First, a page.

PARIS – A French court on Friday ordered Uber to withdraw from its mobile app to French users "all mention suggesting it is legal" for Uber's drivers to act like taxis — that is, driving around and waiting for clients. But the court did not ban the popular ride-hailing service. Uber's French contretemps is the latest in a string of challenges it and other ride-hailing companies such as Lyft face around the world. Taxi drivers argue the newer car services have an unfair advantage because they don't have to follow the same regulations and can afford cheaper prices.
Here are some other recent challenges Uber has had:
A judge ordered Uber's temporary suspension in Spain, saying it represents unfair competition. The Madrid commercial court judge said this week in a preliminary ruling that Uber drivers lacked proper permits to transport passengers in Spain. The suspension was sought by Madrid's Taxi Association, which is planning legal action against Uber.
New Delhi police say there's a possibility of criminal charges against the company if police find evidence it misrepresented the safety of its service. A top government official has called for Uber to be banned nationwide after one of its drivers was accused of rape in New Delhi, which has already banned the service.
A Dutch court has ruled in a preliminary judgment that Uber must stop working with drivers who charge fares but do not possess a taxi license. The Commercial Appeals Court in The Hague sided with the Ministry of Transportation in saying that Uber's UberPop service violates current taxi laws, which are under review. The court rejected a proposal by Uber to allow UberPop to operate until the actual case is decided — a process likely to take more than a year.
Uber is cooperating with Chicago police in an investigation into a customer's report that she was sexually assaulted during a ride last month. The woman told police an Uber driver picked her up at a bar, asked her to get in the front seat and attacked her during the ride. The driver was working on the company's low-cost UberX platform, in which customers use their smartphones to hail rides from individuals who drive their own vehicles. The state House and Senate this month approved legislation creating statewide regulations for drivers working with ride-sharing services. It includes modified insurance requirements, background checks and a zero-tolerance policy on drugs and alcohol.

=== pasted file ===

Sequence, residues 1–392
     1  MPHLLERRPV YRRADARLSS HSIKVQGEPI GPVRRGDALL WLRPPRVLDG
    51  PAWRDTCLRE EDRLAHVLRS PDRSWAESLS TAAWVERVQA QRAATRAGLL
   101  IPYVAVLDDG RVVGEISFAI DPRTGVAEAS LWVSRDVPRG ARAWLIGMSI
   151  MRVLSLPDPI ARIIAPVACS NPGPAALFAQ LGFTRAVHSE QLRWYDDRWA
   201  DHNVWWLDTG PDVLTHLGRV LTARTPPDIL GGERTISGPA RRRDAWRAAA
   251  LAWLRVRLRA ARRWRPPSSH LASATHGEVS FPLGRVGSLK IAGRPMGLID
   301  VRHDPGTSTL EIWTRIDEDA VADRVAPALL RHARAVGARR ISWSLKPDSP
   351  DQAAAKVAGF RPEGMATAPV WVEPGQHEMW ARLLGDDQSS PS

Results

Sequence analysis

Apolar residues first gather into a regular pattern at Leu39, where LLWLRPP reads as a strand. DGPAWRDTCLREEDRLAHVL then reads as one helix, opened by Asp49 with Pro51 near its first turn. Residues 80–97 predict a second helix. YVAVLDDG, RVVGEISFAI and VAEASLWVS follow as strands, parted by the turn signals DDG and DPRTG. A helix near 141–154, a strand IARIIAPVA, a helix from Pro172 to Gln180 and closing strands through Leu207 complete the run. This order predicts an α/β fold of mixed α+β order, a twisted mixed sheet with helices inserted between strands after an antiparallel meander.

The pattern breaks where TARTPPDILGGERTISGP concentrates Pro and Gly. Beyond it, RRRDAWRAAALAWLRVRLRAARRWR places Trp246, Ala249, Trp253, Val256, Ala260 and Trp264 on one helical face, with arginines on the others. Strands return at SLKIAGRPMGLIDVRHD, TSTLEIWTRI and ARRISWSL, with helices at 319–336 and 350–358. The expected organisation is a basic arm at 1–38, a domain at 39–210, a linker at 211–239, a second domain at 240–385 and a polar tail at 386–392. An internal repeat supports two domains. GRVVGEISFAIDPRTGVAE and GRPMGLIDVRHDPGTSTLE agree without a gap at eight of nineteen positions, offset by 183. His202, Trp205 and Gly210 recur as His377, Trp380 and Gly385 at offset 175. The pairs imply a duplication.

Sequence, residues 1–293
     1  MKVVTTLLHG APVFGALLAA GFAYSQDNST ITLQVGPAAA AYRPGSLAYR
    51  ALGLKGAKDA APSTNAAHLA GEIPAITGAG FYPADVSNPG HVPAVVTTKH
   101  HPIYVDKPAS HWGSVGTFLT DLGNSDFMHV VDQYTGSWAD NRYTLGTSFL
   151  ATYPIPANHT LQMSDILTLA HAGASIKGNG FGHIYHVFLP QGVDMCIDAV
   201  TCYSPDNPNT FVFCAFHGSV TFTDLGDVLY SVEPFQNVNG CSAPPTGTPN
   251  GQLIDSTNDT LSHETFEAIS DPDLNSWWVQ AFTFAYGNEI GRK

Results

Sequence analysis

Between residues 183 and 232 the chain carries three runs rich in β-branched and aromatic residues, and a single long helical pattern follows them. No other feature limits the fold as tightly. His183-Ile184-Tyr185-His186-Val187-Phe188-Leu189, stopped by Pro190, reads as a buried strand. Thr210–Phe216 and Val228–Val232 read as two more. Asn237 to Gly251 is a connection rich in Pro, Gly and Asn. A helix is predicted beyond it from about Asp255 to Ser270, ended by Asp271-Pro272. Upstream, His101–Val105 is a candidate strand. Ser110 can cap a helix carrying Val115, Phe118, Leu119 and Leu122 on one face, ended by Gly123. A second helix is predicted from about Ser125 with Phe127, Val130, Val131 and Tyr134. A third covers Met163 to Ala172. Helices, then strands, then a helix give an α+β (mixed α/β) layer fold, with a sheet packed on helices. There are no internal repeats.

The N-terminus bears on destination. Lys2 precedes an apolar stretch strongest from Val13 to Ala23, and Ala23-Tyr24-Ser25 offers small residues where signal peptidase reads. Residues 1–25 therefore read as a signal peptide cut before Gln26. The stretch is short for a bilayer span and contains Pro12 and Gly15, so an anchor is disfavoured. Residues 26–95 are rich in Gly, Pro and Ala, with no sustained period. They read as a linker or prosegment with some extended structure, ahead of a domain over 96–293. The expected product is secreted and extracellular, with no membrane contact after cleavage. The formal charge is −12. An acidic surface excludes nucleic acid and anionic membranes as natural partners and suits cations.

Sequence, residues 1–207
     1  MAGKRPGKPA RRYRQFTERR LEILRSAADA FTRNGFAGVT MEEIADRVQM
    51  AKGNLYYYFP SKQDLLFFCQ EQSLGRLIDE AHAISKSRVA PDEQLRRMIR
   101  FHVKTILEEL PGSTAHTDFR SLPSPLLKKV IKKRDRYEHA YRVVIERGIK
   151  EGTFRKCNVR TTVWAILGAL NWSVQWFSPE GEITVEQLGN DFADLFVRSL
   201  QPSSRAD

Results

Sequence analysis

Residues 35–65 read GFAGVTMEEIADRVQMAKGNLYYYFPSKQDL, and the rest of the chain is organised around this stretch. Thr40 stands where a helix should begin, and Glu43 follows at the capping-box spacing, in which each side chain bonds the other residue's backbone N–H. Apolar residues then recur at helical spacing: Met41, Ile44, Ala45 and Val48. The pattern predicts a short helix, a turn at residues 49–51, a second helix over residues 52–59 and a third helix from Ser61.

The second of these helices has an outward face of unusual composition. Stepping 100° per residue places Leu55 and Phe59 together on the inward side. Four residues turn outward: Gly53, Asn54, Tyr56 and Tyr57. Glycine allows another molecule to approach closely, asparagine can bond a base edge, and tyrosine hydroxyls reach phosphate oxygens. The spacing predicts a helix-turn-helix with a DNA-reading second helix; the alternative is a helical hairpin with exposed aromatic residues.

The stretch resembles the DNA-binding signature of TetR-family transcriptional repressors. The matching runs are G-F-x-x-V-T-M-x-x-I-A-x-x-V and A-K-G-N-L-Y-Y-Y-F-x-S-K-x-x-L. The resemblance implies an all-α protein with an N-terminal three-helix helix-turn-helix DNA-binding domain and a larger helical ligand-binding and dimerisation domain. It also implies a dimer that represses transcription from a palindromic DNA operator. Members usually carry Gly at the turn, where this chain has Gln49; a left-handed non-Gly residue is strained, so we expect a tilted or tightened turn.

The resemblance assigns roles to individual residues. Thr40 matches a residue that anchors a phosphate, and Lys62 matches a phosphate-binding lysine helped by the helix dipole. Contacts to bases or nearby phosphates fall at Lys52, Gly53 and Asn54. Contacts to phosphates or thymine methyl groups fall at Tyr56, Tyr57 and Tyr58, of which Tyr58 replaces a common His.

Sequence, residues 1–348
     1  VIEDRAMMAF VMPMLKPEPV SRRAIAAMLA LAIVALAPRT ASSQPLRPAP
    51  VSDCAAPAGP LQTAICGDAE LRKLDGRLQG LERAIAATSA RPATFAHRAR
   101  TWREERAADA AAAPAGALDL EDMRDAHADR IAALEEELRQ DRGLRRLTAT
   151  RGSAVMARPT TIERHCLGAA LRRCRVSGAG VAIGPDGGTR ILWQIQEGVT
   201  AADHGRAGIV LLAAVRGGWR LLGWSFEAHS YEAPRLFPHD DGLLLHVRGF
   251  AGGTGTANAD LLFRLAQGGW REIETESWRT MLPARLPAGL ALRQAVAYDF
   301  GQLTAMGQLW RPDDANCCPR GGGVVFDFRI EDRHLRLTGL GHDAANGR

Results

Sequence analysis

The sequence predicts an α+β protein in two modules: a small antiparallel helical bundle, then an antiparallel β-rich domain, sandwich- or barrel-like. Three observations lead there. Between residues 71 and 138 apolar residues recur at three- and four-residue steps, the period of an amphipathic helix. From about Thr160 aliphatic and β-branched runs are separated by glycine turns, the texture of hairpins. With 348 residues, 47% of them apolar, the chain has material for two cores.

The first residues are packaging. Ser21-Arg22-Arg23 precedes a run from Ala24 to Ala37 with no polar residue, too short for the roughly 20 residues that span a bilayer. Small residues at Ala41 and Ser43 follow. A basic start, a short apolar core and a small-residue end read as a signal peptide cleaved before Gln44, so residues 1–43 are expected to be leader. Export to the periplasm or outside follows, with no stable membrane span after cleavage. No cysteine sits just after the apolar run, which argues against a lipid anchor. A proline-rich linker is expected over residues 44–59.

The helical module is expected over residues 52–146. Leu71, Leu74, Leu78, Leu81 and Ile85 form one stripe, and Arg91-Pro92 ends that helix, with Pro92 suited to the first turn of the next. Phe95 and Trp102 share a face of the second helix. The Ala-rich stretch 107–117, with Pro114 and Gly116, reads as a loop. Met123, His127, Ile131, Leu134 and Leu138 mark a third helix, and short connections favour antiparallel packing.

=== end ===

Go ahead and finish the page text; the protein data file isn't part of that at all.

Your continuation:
California prosecutors have sued Uber over the company's background checks on drivers and other allegations, saying it engages in false advertising about its background checks. Competitor Lyft has agreed to drop similar claims that its background checks are the "best available." It also agreed to pay $500,000 and change some practices to settle its own lawsuit.
Portland city officials sued Uber this week, asking a judge to order it to cease operations only days after the service was launched. The city's Transportation Bureau issued two civil penalties against Uber, one for operating without a company permit and another for operating without a vehicle permit.
A judge granted the state's request last month for an order blocking the ride-sharing serve from operating unregulated in Nevada, saying Uber's refusal to comply with state licensing requirements could put the public's safety at risk. Nevada's attorney general filed a lawsuit in October arguing that Uber infringes on the franchise rights of taxi companies and cab drivers serving fare-paying passengers under state oversight.